Grosse Pointe Blank Slate

As I rip the Grosse Pointe Blank soundtrack CD – which is worth buying for all kinds of reasons – I find myself playing one song over and over: Pete Townsend’s only-available-here version of “Let My Love Open the Door.”

This rendition is a down-tempo, almost coffeehouse version of the ’80s pop standard that played during the most quietly electric moment of the movie. Martin and Debi are at the Grosse Pointe High School reunion, sitting in the balcony alone, leaning on the rail, and looking into each others eyes. At that moment, they stop being the hard-as-nails DJ and the battle-weary assassin, her bitterness and his confusion evaporate, and they’re in love again in a way that you can only be in love at eighteen. She’s his world, and he’s hers.

The song floats and soars, the keyboards giving it an almost supernal quality. Then, about halfway through, Townsend does something subversive – he weaves the iconic chords of “Teenage Wasteland” into the song, giving it an emotional connection with the torment of maturing that the original lacked. We listen, and we, with Martin and Debi, are now doing what we all do – we are hearing those same songs that we heard then, but now they are different because we are different. And yet, fundamentally, the song, and we, are the same.

Townsend, composer Joe Strummer (of The Clash) and Cusack (the clear creative force behind the film) are, in a single song, delivering the message of the movie. You can go home. You can reconnect with your youth without getting sucked into the butterscotch pit of dewy-eyed nostalgia or maudlin regrets. The moment of re-connection brings to an older, more jaded, more wounded heart the essence of what was wonderful and shitty and pure and debased about being young, and in the process becomes a healing that makes us more whole.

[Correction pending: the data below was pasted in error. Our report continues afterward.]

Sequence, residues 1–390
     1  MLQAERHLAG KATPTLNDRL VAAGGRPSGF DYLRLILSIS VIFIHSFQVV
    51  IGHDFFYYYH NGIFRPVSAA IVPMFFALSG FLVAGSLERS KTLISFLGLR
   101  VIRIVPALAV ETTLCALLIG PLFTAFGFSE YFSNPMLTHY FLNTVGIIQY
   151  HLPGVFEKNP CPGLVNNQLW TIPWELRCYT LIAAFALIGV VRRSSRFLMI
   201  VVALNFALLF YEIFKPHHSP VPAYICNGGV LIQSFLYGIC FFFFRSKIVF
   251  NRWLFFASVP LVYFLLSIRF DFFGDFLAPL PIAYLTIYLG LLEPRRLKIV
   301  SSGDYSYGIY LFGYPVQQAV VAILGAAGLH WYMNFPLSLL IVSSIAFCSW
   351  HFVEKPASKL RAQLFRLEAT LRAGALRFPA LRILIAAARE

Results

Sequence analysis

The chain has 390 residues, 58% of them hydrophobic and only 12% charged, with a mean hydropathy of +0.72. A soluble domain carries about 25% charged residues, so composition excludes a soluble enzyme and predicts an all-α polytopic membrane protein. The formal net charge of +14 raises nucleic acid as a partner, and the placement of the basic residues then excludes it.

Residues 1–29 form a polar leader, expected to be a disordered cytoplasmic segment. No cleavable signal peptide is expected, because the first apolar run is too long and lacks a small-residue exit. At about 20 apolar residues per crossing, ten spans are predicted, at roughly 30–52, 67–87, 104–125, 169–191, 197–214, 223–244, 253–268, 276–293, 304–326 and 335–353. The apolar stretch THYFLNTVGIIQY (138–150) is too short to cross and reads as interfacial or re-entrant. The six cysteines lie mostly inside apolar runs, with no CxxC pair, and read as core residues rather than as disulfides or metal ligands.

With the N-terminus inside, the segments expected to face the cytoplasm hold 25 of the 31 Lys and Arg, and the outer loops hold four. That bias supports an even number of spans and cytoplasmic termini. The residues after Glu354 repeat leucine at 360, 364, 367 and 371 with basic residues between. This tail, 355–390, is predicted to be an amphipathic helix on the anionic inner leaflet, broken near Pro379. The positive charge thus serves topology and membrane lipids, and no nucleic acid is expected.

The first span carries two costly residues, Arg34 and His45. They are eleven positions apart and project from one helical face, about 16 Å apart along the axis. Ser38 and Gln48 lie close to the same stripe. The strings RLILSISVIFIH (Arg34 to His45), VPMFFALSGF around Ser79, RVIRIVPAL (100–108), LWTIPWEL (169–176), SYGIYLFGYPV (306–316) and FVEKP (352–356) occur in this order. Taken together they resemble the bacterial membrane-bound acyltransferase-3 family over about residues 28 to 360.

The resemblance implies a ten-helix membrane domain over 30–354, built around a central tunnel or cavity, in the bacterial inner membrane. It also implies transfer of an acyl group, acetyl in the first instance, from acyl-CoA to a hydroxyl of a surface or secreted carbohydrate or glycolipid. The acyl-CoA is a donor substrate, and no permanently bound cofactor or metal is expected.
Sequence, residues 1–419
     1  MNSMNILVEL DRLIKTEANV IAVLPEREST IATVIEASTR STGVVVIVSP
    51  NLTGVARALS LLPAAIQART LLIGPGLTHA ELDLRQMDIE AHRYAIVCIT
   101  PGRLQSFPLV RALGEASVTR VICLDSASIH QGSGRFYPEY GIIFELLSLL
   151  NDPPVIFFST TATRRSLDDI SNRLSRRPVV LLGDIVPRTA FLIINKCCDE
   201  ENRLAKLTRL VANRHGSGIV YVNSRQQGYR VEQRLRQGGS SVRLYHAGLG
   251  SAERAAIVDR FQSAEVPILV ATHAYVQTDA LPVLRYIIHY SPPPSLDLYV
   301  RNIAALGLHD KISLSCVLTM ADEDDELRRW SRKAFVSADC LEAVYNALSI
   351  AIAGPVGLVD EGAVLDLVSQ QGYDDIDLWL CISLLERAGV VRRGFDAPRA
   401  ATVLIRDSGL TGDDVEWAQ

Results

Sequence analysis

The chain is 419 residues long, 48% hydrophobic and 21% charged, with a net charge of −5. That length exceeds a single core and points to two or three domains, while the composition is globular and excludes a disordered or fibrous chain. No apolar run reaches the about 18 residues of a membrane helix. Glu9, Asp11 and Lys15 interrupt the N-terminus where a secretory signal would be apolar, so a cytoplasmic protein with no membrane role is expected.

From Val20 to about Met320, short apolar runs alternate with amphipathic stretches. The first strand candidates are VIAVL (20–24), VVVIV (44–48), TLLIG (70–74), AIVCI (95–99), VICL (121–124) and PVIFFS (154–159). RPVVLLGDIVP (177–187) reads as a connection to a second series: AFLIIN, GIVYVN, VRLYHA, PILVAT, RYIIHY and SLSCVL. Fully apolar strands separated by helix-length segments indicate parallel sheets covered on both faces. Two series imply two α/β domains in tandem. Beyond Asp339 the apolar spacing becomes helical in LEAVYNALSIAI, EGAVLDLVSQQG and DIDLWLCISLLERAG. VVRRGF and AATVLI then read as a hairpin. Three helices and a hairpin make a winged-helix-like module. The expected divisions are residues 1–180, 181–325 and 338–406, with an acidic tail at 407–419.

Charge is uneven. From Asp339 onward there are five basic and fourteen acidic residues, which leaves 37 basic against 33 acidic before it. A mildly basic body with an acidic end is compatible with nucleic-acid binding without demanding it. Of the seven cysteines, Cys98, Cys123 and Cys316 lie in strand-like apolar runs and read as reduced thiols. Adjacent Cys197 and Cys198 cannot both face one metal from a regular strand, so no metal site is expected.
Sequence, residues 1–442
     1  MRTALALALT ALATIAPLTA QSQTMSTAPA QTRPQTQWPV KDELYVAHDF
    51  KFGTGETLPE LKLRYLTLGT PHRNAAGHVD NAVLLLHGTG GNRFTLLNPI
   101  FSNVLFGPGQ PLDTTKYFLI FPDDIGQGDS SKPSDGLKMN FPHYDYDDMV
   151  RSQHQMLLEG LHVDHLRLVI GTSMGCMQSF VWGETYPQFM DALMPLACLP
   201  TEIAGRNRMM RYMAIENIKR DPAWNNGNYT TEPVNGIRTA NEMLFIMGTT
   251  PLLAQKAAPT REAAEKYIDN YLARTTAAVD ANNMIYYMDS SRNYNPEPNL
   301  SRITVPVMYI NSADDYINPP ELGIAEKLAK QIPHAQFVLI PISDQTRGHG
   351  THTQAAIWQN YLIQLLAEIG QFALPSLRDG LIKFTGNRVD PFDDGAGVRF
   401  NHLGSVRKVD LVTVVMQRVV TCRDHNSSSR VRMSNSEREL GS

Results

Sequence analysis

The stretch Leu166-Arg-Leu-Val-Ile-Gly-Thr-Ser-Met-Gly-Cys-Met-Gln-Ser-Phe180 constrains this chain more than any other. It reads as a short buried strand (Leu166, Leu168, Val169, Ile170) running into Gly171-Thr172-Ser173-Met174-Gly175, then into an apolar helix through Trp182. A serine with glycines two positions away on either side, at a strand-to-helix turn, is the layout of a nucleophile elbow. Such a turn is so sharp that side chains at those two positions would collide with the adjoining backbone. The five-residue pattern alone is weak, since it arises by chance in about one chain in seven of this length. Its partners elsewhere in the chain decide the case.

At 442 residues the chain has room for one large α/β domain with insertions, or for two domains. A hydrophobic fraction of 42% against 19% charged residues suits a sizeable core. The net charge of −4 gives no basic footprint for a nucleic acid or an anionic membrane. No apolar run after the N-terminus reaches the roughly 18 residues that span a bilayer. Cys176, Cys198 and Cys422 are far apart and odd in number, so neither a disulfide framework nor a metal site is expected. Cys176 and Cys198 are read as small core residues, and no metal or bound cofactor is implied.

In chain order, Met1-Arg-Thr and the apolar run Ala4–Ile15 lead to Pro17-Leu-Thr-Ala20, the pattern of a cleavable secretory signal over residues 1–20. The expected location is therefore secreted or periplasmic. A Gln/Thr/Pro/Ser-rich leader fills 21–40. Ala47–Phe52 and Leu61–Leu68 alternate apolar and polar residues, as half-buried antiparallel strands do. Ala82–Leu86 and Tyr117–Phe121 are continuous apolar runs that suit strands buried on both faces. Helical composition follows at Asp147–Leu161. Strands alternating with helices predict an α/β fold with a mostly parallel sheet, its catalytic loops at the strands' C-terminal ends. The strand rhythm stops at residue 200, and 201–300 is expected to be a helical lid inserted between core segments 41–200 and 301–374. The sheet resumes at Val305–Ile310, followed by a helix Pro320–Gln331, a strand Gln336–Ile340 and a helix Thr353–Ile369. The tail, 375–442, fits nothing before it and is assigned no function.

Listen to it in a dark room, with a candle burning and your high school yearbooks open.

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Dark Swift

“Boys only want love when it’s torture.”

Taylor Swift.

Oh, Taylor. You have so much to learn.

Seriously, though, in one song, America’s reigning queen of pop has given us a teeny-tiny window into her dark side. The question that vexes me is, will she keep hiding it? Or will she just let go in a musical atomic blast of anger and vituperation?

Forgive me. I’m praying for the latter.

 

Note: When I’m not a fan (updated)

For the record, when I say in this forum that “I am not a fan” of an artist, that does not always mean to cast aspersions on the skill or talent of that artist.

Case in point: I am not a fan of the Rolling Stones, and with all respect to Jagger & Co., you couldn’t pay me enough to sit through one of their concerts. I recognize that they are talented. I acknowledge they had an impact on a generation of music. Unfortunately, neither they nor their music ever connected with me.

(My elder sister, twelve years my senior, believes this to be a generational issue. She’s wrong: if my age was the cause of my Stones issue, how to explain my love of The Who, Frank Sinatra, and Benny Goodman?)

Talent does not mean connection. We too often interpret in others a failure to appreciate the work of an artist we like as an aesthetic failing, a fundamental flaw in their world view that prevents them from really seeing the work.

But if I have learned one thing at this early stage of my swim in a deepening sea of art and literature, it is the truism that no creation is objective. We bring our experiences, our fears, our subjective values to a work. And that is where the magic takes place. Art is not what happens on a page. Art is what happens when creation and perception collide.